Black Panther: Wakanda Forever (2022)

It’s hard to talk about Black Panther: Wakanda Forever without first discussing its missing whole, namely Chadwick Boseman. It was a shock when Boseman died during the summer of 2020 of terminal cancer, which he had kept hidden except for a small number of close confidants. I remember hearing the news and being in disbelief, figuring this must be another celebrity death hoax, but then the terrible news was confirmed. It’s one of those celebrity deaths that you remember when you found out, mostly I think because here was an actor in his prime and headlining Oscar-nominated movies and precedent-setting blockbusters. It felt too soon to be gone. It felt wrong. It’s that grief that the characters of Wakanda Forever are also wrestling over. Reflecting real life, the sequel to 2018’s hit Marvel Cinematic Universe (MCU) entry elects to have T’Challa (Boseman) pass away in the movie as well, off screen, and from a cause more human than super, dying from a disease. The movie is knowingly channeling our grief for the loss of Boseman into a story about characters also mourning the loss of this good man. This loss hangs over the entire movie and provides it more gravitas and emotional depth it would have had otherwise. Wakanda Forever is a suitably exciting and expansive sequel, especially following the empowering cultural model writer/director Ryan Coogler followed with the first film, but it’s hard not to feel the loss of Boseman, both in presence and in storytelling.

We open with Shuri (Letitia Wright) diligently trying to save her brother’s life only to be out of time. The nation of Wakanda is in full mourning, losing their champion and king. In the wake of this loss, the outside world sees opportunity. Having come out of hiding, Wakanda is being pressured to share its valuable vibranium mineral resources with other nations, and some are eager to take them by force if necessary. This has inadvertently created a gold rush for vibranium, and the C.I.A. has discovered traces of the rare mineral on the ocean floor. This undersea incursion has provoked a heretofore unknown underwater community into action. Namor (Tenoch Huerta) is a super-powered mere mutant, able to fly with tiny wings on his heels, and able to breathe under the sea just like the inhabitants of Talochan. Namor has declared war on the surface world and seeks Wakanda to be an ally, and if not that, then their first conquest.

This is a movie dominated by the women of Wakanda, and they bring the fury. Everyone is processing the loss of T’Challa in different ways. Shuri is rededicating herself to her scientific research, as she blames her brother’s death on her inability to solve his ailment in time. T’Challa’s mother, Ramonda (Angela Bassett), has been appointed leader of Wakanda and must represent her nation’s interests while still grieving for her son. Nakia (Lupita Nyong’o) has retreated from the larger world of spycraft to open a school in Haiti. Okoye (Danai Gurira) is supposed to be the chief security officer for Wakanda, and she busies herself with new threats and armor rather than dwell on being unable to save her king. Each character feels the weight of the loss and opens up reflections of grief, as each knew T’Challa on a different level: mother, sister, lover, protector. The attention that Coogler allows for their and our grief allows the movie to work on a communal cathartic level (I teared up a few times myself). Wright (Death on the Nile) has some heavyweight emotional moments, and the movie is structured around her path of healing as well as the wayward detour of vengeance and hate. It’s a conclusion that hits upon the expected spectacle of superhero action but hinges upon, foremost, an emotional arc.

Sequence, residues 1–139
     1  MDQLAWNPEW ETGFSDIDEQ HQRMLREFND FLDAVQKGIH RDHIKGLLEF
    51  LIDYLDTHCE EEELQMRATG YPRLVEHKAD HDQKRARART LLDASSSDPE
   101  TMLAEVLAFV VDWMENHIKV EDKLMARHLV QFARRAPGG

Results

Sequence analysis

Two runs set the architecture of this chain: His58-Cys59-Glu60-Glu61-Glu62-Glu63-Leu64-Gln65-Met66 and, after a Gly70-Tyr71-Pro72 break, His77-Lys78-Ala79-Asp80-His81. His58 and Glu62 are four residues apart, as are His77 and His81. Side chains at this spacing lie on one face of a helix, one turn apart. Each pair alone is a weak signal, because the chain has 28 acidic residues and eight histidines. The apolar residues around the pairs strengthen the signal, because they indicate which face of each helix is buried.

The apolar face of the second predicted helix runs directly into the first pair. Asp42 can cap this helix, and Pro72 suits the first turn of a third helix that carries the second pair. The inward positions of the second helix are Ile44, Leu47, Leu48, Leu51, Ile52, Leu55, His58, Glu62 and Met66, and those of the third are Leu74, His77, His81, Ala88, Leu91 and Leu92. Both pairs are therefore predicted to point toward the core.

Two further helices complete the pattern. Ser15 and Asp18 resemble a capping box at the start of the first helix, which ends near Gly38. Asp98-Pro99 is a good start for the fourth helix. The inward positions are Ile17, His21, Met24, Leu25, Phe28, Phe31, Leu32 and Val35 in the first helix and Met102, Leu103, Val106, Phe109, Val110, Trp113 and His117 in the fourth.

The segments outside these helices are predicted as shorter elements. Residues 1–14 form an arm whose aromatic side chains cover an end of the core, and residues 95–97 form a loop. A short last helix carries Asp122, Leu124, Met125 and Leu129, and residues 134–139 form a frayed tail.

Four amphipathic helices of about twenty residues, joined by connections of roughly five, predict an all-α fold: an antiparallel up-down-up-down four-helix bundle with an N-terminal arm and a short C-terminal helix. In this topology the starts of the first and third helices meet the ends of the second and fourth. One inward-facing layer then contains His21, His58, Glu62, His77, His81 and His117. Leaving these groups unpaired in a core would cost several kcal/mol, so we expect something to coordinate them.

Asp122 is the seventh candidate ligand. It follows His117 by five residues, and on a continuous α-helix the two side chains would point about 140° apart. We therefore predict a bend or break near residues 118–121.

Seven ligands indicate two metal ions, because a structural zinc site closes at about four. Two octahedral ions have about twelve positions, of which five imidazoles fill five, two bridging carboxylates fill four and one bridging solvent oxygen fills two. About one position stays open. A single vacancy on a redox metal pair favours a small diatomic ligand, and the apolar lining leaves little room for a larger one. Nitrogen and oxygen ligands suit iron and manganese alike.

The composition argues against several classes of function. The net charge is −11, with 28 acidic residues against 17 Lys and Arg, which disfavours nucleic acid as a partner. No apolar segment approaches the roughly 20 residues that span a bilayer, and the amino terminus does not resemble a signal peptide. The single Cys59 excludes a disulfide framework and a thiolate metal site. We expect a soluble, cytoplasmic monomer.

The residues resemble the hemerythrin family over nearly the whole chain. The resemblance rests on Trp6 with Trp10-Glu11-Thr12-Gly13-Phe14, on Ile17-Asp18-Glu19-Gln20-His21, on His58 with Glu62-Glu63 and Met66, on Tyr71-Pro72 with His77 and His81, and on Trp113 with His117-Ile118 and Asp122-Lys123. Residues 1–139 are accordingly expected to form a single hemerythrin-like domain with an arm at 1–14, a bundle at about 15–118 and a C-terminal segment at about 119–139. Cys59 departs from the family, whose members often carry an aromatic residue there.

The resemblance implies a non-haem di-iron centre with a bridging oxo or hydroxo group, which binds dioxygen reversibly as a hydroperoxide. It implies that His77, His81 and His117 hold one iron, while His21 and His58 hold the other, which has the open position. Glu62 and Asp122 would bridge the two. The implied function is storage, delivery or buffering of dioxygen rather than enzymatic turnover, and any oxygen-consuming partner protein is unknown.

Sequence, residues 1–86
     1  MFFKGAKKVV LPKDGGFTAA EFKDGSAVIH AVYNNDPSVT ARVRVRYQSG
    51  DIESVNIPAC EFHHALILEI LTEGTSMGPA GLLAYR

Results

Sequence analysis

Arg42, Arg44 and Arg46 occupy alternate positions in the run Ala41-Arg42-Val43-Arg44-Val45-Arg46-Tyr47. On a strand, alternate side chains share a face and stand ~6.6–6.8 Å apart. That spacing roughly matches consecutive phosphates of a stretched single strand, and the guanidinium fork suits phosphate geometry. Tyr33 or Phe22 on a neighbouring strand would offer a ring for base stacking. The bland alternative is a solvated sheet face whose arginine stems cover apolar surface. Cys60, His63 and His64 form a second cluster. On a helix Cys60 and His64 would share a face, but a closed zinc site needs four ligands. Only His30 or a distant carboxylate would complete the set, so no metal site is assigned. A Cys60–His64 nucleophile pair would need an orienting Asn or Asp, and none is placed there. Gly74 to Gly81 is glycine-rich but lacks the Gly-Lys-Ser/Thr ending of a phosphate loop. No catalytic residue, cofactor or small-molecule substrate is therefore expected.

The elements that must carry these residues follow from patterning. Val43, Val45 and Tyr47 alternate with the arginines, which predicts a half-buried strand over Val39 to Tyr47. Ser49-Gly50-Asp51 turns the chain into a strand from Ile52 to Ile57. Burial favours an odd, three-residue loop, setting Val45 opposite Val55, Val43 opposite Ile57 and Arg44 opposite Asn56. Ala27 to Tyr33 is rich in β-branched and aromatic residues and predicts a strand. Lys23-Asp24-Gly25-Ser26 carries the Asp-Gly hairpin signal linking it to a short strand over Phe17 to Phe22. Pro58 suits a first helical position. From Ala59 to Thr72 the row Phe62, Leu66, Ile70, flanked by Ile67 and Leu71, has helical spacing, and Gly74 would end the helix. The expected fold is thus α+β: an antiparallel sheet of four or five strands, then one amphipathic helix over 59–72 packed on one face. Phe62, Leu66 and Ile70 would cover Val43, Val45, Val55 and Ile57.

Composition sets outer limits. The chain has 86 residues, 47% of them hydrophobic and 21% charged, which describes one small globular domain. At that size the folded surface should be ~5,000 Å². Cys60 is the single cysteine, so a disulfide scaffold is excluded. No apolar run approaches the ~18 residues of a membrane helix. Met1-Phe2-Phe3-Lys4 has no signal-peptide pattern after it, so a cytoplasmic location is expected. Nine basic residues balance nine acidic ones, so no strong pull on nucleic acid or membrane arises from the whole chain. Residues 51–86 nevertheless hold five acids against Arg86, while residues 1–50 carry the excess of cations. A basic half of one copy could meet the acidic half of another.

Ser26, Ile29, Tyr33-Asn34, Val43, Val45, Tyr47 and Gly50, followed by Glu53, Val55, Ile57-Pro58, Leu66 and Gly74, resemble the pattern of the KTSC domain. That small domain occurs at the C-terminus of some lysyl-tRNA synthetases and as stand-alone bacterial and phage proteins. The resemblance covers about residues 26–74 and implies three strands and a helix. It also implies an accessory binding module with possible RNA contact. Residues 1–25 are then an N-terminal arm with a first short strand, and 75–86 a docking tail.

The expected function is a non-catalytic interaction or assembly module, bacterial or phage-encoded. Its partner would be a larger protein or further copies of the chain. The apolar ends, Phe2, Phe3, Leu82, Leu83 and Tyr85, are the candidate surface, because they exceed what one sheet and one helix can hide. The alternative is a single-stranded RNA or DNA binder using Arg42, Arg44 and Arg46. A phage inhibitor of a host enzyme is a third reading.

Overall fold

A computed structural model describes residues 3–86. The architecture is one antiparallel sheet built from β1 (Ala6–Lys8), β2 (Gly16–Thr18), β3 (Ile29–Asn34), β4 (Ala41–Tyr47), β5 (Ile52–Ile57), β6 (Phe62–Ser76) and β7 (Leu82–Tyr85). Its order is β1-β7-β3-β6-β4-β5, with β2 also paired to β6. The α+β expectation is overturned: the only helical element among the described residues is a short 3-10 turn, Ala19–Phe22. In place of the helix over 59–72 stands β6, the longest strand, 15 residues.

Coogler is two-for-two when it comes to creating dynamic, engaging villains who have strong perspectives that cause the heroes to better reflect upon their own roles. Killmonger (Michael B. Jordan) is one of the MCU’s best villains, and I think it’s interesting that the first Black Panther ends with the hero realizing the villain’s perspective is right and adjusts from there. With Wakanda Forever, we get Namor protecting his people, and his reasoning sounds a lot like the Wakandan leaders who wished to remain separate from the larger world in the earlier film. The background for Namor is completely rewritten by Coogler and co-writer Joe Robert Cole and for the better. They’ve invigorated the character by attaching a rich Mesoamerican culture to Namor’s people and history. We have another hidden world of minorities that are super-powered and developed beyond the reach of colonialism. The flashback for Namor, dating back to the sixteenth century, is startlingly effective, establishing his strange origins, the great change for his tribe to being sea-dwelling, and what happens when he returns to the surface world to honor his late mother’s funeral wish. When he returns, the Spanish have built plantations and have captured the indigenous into being their chattel. Namor sees this exploitation in the name of a foreign God and swears off the surface world. This cultural angle imbues the character’s focal point but it’s also just plain neat to watch an ancient Mesoamerican culture given the big screen superhero treatment with reverence and awe. By providing a compelling villain, it also makes the emotional stakes more compelling. We’ll likely side with the women of Wakanda, but you might also be rooting for Namor too. I also think it’s fun that the underwater Atlantean prince character for DC and Marvel is portrayed by a Mexican-American actor and a Polynesian actor.